Coronary Artery Disease and Reticular Macular Disease, a Subphenotype of Early Age-Related Macular Degeneration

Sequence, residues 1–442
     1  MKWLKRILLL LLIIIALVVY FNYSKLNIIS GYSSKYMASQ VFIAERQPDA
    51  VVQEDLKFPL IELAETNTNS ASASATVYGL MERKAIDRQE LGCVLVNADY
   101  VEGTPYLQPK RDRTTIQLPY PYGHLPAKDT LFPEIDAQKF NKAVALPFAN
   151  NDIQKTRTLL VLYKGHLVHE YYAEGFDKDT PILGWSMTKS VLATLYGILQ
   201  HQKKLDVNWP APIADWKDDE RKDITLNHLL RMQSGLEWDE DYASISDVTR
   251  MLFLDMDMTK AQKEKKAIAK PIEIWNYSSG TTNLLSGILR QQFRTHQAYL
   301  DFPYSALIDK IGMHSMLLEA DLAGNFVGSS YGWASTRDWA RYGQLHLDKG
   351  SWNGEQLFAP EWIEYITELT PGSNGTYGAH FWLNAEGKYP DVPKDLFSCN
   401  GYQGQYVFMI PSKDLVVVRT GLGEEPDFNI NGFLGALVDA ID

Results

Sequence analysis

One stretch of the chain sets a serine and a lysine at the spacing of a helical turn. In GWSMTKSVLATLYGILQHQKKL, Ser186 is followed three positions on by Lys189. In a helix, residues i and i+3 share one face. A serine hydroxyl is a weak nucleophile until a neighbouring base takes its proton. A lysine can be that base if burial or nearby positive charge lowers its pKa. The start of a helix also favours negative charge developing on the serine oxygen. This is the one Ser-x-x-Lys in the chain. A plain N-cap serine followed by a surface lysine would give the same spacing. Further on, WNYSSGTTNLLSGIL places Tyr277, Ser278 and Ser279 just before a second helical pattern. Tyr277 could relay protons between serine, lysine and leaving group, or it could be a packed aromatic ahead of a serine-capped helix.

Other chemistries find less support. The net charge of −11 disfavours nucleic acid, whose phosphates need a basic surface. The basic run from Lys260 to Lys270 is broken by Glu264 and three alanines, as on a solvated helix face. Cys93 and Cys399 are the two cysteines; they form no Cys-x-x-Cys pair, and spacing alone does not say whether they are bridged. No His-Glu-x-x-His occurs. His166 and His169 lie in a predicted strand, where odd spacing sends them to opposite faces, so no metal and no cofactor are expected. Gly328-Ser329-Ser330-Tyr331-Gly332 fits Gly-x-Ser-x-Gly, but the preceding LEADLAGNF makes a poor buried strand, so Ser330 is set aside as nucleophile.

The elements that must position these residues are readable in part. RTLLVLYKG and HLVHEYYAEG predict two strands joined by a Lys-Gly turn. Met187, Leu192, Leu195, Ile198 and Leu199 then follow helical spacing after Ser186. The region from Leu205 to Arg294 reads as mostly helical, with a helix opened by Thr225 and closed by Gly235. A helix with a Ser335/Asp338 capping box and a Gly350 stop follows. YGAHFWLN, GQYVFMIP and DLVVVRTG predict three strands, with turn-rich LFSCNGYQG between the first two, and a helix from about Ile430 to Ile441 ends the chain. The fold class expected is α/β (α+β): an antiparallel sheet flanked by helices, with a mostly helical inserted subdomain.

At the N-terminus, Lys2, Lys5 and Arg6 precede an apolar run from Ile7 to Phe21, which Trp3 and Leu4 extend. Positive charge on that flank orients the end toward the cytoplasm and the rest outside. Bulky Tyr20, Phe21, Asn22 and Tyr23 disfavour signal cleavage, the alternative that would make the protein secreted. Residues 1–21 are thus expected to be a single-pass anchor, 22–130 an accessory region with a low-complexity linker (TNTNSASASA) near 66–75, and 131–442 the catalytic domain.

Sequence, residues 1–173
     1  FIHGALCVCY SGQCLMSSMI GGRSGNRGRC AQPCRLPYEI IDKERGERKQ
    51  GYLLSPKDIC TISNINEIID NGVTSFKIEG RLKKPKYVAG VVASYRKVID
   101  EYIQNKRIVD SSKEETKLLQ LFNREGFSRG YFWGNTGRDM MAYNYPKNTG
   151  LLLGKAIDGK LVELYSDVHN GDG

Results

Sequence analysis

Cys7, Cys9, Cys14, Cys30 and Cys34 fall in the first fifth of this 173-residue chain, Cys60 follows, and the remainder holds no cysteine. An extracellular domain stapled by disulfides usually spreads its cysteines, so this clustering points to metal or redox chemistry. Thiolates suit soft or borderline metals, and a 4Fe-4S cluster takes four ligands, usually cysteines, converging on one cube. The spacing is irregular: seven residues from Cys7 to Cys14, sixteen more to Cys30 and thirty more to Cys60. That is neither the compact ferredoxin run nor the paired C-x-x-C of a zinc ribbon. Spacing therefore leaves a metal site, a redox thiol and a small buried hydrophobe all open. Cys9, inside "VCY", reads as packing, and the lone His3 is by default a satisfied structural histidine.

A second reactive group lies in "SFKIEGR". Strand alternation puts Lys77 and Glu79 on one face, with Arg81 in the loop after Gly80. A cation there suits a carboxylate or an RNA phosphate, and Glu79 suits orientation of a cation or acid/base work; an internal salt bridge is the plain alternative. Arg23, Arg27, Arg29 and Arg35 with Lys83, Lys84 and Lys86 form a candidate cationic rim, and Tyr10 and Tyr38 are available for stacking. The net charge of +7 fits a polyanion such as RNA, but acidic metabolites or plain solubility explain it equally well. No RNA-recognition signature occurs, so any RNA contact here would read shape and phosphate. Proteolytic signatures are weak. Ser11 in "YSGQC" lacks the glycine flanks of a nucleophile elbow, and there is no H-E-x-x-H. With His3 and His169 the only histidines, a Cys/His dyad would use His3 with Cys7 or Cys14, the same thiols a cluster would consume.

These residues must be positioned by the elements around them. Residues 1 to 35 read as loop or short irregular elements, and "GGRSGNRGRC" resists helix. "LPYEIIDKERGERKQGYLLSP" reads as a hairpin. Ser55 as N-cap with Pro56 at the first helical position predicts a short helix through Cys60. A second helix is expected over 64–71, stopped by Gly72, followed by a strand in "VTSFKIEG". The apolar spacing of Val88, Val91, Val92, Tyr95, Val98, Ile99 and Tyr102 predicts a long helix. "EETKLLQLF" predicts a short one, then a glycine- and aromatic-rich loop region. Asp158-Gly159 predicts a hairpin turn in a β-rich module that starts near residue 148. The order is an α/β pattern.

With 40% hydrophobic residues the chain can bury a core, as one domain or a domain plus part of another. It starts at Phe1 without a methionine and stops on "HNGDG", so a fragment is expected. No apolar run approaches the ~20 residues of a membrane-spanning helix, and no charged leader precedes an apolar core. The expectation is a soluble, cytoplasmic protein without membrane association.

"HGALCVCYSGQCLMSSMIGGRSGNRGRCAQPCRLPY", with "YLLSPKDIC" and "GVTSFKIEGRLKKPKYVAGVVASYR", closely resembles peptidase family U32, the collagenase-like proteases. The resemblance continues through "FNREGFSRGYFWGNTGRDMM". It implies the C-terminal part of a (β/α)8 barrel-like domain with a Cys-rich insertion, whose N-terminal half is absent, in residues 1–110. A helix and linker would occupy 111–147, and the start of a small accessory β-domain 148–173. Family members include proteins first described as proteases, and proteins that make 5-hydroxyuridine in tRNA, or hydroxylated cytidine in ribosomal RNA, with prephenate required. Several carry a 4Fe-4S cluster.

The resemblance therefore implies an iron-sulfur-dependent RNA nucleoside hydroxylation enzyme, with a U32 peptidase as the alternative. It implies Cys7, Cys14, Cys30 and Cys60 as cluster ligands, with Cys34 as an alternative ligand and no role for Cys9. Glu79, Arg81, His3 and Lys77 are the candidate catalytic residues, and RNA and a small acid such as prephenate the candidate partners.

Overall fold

PURPOSE: Reticular macular disease (RMD) is the highest risk form of early age-related macular degeneration and also specifically confers decreased longevity. However, because RMD requires advanced retinal imaging for adequate detection of its characteristic subretinal drusenoid deposits (SDD), it has not yet been completely studied with respect to coronary artery disease (CAD), the leading cause of death in the developed world. Because CAD appears in middle age, our purpose was to screen patients aged 45-80 years, documented either with or without CAD, to determine if CAD is associated with RMD. DESIGN: A prospective cohort study of patients with documented CAD status and no known retinal disease in a clinical practice setting at one institution. Subjects and Controls: A number of 76 eyes from 38 consecutive patients (23 with documented CAD, 15 controls documented without CAD; 47.4% female; mean age 66.7 years). METHODS: Patients were imaged with near-infrared reflectance/spectral domain optical coherence tomography and assessed in masked fashion by two graders for the presence of SDD lesions of RMD and soft drusen. MAIN OUTCOME MEASURES: Presence or absence of RMD/SDD and soft drusen. RESULTS: RMD was more frequent in patients with CAD versus those without (Relative Risk [RR] = 2.1, CI = 1.08-3.95, P = 0.03). There was no association of CAD with soft drusen. CONCLUSIONS: A specific relationship between CAD and RMD suggests common systemic causes for both and warrants further study.